THE first and second part of this series (together with the teaser) highlighted the concentration of power around current (not just former) EPO President, Mr. Battistelli. We went back in time to his INPI days and also some of his professional connections, education (ÉNA), etc. We are hoping to show readers what makes Battistelli so confident and unafraid of public scrutiny. This series will culminate in the fourth part (next week), so today we hope to just share some input we have received during the week, in response to the first couple of parts.
One E-mail referred to EPO-ÉNA overlap. It told me, “thank you for the excellent investigation work. Here a document that may be of interest.”
It’s about Pierre Mendès France and ÉNA-based promotions (janvier 1976/mai 1978). Looking at the English article in Wikipedia, he was somewhat of an anti-imperialism person and this Wikipedia article speaks about École nationale d’administration role in promotion of all sorts of people. Among the notable alumni or connections which we had listed to us were the following individuals (which would probably mean something mostly to our French readers):
M. Ronny ABRAHAM
M. Jérôme ADAM
M. Jack ALZON
M. François ARCANGELI
M. Jacques ARRIGHI-DE-CASANOVA
M. Jean-François AUBY
M. Marc-Antoine AUTHEMAN
M. Jean-Marie AUVINET-Jean-Marie
M. Dominique BABIN-Dominique
M. Bertrand BACHE-Bertrand
M. Jacques BACHELIN-Jacques
M. Claude BALLADE-Claude
M. Jean-François BALTHAZAR-Jean-Francois
M. Eric BARRAULT-Eric
M. François BARRY-MARTIN-DELONGCHAMPS-Francois
Mme Christine BARTHET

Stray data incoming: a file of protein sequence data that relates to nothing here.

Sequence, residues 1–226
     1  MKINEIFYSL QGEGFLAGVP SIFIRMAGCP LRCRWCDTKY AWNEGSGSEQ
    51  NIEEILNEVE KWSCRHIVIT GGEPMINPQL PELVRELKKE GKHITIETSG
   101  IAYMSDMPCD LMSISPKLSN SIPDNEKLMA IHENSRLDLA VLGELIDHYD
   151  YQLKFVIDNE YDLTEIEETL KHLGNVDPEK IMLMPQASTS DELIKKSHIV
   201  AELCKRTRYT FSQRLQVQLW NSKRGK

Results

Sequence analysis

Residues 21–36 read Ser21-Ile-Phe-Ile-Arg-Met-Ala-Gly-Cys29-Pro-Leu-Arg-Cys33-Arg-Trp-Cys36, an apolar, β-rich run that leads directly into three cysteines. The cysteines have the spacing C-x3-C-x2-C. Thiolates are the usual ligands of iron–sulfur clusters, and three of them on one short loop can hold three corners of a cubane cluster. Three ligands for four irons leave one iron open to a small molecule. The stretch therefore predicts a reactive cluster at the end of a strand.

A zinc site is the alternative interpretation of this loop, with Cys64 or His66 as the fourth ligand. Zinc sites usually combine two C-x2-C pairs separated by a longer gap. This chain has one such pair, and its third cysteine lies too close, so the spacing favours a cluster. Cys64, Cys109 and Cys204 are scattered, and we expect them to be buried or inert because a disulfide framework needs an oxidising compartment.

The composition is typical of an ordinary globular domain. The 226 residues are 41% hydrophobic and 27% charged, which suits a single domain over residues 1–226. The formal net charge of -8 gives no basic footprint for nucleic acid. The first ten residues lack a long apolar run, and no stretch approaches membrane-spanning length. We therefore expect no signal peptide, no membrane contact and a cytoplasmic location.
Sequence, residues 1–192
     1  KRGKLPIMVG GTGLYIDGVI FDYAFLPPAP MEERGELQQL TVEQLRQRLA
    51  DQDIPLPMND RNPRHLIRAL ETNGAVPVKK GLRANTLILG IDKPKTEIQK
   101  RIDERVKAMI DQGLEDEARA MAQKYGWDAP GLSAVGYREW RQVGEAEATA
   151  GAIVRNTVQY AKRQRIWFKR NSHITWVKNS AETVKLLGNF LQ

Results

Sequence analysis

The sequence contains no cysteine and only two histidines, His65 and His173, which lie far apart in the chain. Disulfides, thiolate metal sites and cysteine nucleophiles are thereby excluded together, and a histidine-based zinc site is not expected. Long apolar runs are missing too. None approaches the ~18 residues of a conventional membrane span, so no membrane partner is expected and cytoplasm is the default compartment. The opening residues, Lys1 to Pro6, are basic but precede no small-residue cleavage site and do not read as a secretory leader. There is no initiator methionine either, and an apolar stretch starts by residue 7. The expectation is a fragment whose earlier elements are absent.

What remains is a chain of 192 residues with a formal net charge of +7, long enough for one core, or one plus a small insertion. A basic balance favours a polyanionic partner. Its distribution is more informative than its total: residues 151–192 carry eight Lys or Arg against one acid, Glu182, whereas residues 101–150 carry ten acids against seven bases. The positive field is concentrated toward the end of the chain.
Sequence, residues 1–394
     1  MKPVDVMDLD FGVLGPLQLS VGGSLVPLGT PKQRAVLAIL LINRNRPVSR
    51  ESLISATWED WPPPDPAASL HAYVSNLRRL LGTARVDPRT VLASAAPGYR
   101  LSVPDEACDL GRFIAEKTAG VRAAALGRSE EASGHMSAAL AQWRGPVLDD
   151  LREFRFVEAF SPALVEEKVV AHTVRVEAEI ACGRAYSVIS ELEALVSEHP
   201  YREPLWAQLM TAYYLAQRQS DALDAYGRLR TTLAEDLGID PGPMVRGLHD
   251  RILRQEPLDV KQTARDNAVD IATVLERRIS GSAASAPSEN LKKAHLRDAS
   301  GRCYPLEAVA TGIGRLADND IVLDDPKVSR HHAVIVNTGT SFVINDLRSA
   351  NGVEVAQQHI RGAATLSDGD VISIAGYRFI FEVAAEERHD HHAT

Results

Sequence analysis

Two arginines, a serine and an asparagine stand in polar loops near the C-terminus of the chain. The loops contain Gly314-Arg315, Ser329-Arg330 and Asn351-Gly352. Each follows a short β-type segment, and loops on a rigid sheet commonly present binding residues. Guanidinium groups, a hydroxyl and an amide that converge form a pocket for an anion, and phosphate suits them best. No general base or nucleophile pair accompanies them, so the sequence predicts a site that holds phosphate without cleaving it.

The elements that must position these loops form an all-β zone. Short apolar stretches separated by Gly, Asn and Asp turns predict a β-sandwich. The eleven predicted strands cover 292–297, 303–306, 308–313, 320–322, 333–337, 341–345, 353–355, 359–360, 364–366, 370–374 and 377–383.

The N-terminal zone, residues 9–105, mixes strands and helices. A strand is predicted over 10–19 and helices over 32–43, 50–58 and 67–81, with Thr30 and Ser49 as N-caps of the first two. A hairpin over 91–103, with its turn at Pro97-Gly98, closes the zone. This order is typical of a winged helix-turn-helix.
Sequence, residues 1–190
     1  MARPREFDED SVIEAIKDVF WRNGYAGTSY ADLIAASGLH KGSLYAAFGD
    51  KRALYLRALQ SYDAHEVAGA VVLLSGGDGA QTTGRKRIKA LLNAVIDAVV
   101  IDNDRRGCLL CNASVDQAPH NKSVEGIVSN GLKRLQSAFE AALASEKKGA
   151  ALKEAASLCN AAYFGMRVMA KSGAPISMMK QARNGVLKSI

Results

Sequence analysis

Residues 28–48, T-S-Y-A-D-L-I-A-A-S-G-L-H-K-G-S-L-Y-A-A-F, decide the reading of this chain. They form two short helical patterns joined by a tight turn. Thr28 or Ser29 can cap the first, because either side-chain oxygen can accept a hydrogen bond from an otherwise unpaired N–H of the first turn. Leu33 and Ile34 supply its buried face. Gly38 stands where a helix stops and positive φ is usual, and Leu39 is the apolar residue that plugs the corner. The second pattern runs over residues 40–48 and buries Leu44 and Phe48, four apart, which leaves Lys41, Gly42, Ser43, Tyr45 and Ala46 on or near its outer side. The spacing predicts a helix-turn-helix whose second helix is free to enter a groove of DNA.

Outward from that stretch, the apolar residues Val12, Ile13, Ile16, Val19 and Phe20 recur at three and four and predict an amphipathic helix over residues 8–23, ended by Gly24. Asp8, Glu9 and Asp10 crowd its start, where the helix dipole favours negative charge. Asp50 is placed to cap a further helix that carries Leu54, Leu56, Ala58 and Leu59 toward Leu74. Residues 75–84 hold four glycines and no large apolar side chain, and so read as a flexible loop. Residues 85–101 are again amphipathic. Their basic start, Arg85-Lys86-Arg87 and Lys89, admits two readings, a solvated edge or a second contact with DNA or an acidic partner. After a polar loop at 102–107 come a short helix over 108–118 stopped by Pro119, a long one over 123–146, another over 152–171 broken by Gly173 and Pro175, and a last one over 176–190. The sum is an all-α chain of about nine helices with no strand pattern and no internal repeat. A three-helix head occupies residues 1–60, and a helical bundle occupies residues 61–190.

M. Benoît BATTISTELLI-Benoit
M. Edouard BERLET-Edouard
M. Georges BERTHU-Georges
Mme Geneviève BERTRAND-Genevieve
M. Pierre-Etienne BISCH-Pierre-Etienne
M. Henri-Charles BLANC-Henri-Charles
M. Xavier BLANDIN-Xavier
M. Pierre BLAYAU-Pierre
M. Jean-François BOITTIN-Jean-Francois
M. Claude BONNET-Claude
M. Alain BOROWSKI-Alain
M. Alain BOURDELAT-Alain
M. Antoine BOUSQUET-Antoine
M. Hervé BREHIER-Herve
M. François BURDEYRON-Francois
M. Daniel CADOUX-Daniel
M. Philippe CALAVIA-Philippe
M. Daniel CANEPA-Daniel
M. Paul-Marie CHAVANNE-Paul-Marie
M. Bernard COCHEME-Bernard
M. Etienne COFFIN-Etienne
M. Charles COPPOLANI-Charles
M. Jean-Paul CORDEAU-Jean-Paul
M. Jean-François CORDET-Jean-Francois
M. Jean-Paul COSTE-Jean-Paul
M. François COUSIN-Francois
M. Henry CUNY-Henry
Mme Yvonne CUVIER-Yvonne
M. Henri-Jérôme DEGRELLE
M. Yann DELABRIERE-Yann
M. Dominique DELAUNAY-Dominique
M. Denis DELBOURG-Denis
Mme Marie-Christine DEMORTIER-Marie-Christine
M. Philippe DESLANDES-Philippe
M. François DESPORTES-Francois
M. Christian DIDIER-Christian
M. Robert DOMENGET-Robert
M. Francis DOUBLET-Francis
M. Alain DOYELLE-Alain
M. Michel DUCLOS-Michel
M. Jean-Michel DUMOND-Jean-Michel
M. Jean-Yves DUPUIS-Jean-Yves
M. Patrice DURAND-Patrice
M. Pierre DUVERNEY-GUICHARD
M. Jean-Marc ESPALIOUX-Jean-Marc
M. Bela FARAGO-Bela
M. Pascal FATON-Pascal
M. Gilbert FAUBERT
M. Claude FAURE-Claude
M. Guillaume FERRY-Guillaume-de
M. René FORCEVILLE-Rene
M. Patrice FORGET-Patrice
M. Christian FORMAGNE-Christian
M. José FRECHES-Jose
Mme Anne-Marie FROMENT-MEURICE-Anne-Marie
Mme Michèle GALLOT-Michele
M. Antoine GEORGES-PICOT-Antoine
M. Jacques GERARD-Jacques
M. Michel GIES-Michel
M. Eric GIUILY-Eric
M. Jean-Noël GIULIANI-Jean-Noel
M. Christian GOURNAY-Christian-de
M. Philippe GREGOIRE-Philippe
M. Serge GROSS-Serge
Mme Annick GUERBER-LE-GALL-Annick
Mme Isabelle HAUSSER-DUCLOS-Isabelle
M. Jean-Pierre HEMMERY-Jean-Pierre
M. Paul HERMELIN-Paul
Mme Véronique HESPEL-Veronique
M. François JACLOT-Francois
M. Bruno JOUBERT-Bruno,3080>)
M. Jean-François KRAFT-Jean-Francois
M. Louis KREISS-Louis
M. Antoine LABBE-Antoine
M. Bruno LASSERRE-Bruno
M. Michel LAVENSEAU-Michel
Mme Bettina LAVILLE-Bettina
M. Jean-Pierre LE COURT
M. Alain LEFOULON-Alain
M. Hervé LEHERISSEL-Herve
M. Bernard LEMAIRE-Bernard
M. François LE-PULOCH-Francois
M. Bertrand LEROY-Bertrand
M. Pierre LETOCART-Pierre
Mme Marianne LEVY-ROSENWALD-Marianne
M. Denis LOUDENOT-Denis
M. Yves MAGNE-Yves
M. Etienne MARIE-Etienne
M. Jean-Michel MARLAUD-Jean-Michel
M. Yves MARMION-Yves
M. Arsène MATTY-Arsene
M. Gérard MESTRALLET-Gerard
Mme Bénédicte MONROE-Benedicte
M. Gérard MOULIN-Gerard
Mme Monique MOUSSEAU-Monique